Denver, Colo., Nov 22, 2012 (CNA/EWTN News) - The expansion of Thanksgiving weekend shopping to the holiday itself has raised concerns among both workers and clergy who worry that the change puts family time at risk.
Father Sinclair Oubre, Spiritual Moderator of the Texas-based Catholic Labor Network, said the store openings are a “disturbing trend” that is “an assault on the family.”
“We have almost completed the evolutionary process of having two classes of workers: those who get holidays off, and can stay with their families, and those who are forced to work, so that those who have holidays off won't have to stay with their families,” Fr. Oubre said.
Retailers such as Sears, Wal-Mart, Target, Kmart, Toys “R” Us and Gap are increasingly opening their stores on Thanksgiving Day. The following day, known as Black Friday, is one of the most profitable shopping days of the year.
Business analysts cite increased competition from internet shopping and some customers’ desires to shop on Thanksgiving as motives to open stores on what is traditionally a day off, according to the Wall Street Journal.
In 2011, retailers who opened on Thanksgiving Day earned 22 percent more over the Thanksgiving Day weekend.
Two popular internet petitions on the Change.org website are protesting the changes.
Casey St. Clair, a Target employee of six years from Corona, Calif., organized one petition to “save Thanksgiving” that now has over 370,000 signatures.
She said Thanksgiving Day off “really does give me that one day to relax and visit family I otherwise have no time to see.”
Introducing more business hours on the evening of Thanksgiving Day means that employees need to arrive hours before the store opens, she explained.
Cardinal Timothy M. Dolan of New York criticized the new phenomenon of Thanksgiving Day shopping in a Nov. 20 essay in the New York Post.
“The stores, we hear, will open on Thanksgiving. Isn’t that a sign of progress and liberation?” he asked. “Sorry, but no — it’s a sign of a further descent into a highly privatized, impersonal, keep-people-at-a-distance culture, one that values having stuff and doing things over just being with people whom we love, cherish and appreciate.”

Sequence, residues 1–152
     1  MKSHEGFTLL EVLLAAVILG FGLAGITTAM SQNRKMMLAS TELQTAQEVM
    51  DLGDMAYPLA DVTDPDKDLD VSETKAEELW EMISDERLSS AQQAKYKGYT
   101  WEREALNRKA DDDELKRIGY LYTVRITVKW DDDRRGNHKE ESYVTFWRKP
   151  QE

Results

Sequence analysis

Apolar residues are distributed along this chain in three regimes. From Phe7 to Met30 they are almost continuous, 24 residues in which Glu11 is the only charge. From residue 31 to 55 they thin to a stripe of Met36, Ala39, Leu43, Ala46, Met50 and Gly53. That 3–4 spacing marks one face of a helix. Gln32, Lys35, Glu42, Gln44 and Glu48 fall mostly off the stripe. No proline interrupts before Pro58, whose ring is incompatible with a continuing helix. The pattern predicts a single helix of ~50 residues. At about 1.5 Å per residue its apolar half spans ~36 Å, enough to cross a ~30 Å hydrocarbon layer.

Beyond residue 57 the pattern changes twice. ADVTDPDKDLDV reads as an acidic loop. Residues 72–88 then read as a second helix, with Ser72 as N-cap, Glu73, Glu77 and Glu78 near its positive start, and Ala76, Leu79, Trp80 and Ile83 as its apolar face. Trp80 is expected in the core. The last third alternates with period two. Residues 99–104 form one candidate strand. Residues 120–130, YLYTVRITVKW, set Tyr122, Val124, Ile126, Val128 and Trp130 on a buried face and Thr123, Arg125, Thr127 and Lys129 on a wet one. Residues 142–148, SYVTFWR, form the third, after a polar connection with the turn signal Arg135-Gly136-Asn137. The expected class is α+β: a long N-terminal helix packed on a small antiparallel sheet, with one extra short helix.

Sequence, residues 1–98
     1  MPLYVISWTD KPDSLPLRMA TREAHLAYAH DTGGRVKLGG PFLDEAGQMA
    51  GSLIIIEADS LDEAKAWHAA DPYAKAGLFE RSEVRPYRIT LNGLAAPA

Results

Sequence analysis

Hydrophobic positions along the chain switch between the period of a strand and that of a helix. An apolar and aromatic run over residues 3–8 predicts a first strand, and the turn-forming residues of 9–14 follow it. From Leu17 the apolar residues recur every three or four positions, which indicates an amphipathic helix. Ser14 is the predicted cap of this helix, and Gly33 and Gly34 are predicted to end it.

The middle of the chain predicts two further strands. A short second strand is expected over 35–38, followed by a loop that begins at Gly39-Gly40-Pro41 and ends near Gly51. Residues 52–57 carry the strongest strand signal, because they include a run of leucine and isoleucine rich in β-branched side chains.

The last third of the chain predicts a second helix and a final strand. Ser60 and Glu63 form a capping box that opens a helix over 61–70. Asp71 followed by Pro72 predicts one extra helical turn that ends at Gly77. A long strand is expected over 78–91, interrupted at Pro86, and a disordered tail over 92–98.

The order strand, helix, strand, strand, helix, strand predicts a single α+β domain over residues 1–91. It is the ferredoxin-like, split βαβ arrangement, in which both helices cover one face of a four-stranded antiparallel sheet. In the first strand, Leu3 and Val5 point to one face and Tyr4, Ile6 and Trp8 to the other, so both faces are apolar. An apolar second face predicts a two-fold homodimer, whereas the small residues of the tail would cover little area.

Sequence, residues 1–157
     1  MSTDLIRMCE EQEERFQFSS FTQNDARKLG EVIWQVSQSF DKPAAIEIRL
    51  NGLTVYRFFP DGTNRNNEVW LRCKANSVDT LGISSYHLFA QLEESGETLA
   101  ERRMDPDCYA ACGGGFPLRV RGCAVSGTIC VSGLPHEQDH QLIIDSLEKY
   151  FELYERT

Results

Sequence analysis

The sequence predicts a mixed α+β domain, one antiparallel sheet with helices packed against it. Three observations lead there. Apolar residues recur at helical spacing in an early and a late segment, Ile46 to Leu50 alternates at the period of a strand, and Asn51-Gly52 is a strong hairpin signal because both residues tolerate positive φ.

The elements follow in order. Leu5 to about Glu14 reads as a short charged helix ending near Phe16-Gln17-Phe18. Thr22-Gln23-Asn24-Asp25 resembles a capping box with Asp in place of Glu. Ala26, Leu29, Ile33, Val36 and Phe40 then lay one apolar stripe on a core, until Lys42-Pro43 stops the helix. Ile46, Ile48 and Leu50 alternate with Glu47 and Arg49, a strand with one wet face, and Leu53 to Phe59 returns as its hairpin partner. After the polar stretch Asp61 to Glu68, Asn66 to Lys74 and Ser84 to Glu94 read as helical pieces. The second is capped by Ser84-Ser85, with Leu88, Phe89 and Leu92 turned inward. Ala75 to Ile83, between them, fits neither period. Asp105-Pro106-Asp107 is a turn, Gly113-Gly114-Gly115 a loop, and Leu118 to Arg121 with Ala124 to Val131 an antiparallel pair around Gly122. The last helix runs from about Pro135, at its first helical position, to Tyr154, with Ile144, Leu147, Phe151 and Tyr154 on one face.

The cardinal said he will pray this Thanksgiving that God preserve “a culture where personal friendship, genuine conversation and family unity can be a high priority.”
“I’ll beg God to keep those values constant in our society,” he said. “Why? Because I’m fearful they’re disappearing.”
Washington D.C., Nov 22, 2012 (CNA) -
The head of Catholic Charities in D.C. recently experienced the struggle of low-income families relying on food stamps, noting that Christian charity lends vital support to those in need.
“Most of us don’t have a real sense of what it’s like to be on food stamps,” said Fr. John Enzler, president and CEO of Catholic Charities of the Archdiocese of Washington, D.C.
From Oct. 9 – Oct. 15, Fr. Enzler participated in D.C. Hunger Solutions’ Food Stamp Challenge, pledging to spend only $30 on food for one week, the average amount allotted to recipients of the Supplemental Nutrition Assistance Program, formerly known as food stamps.
He told CNA that the experience allowed him to stand in solidarity with those in need, while also increasing his awareness of the challenges that face families and individuals who are trying to survive on food stamps.
Throughout the week, he experienced the struggle to be well-fed and healthy on such a small budget. In particular, he said, it was “really difficult” to eat nutritious food.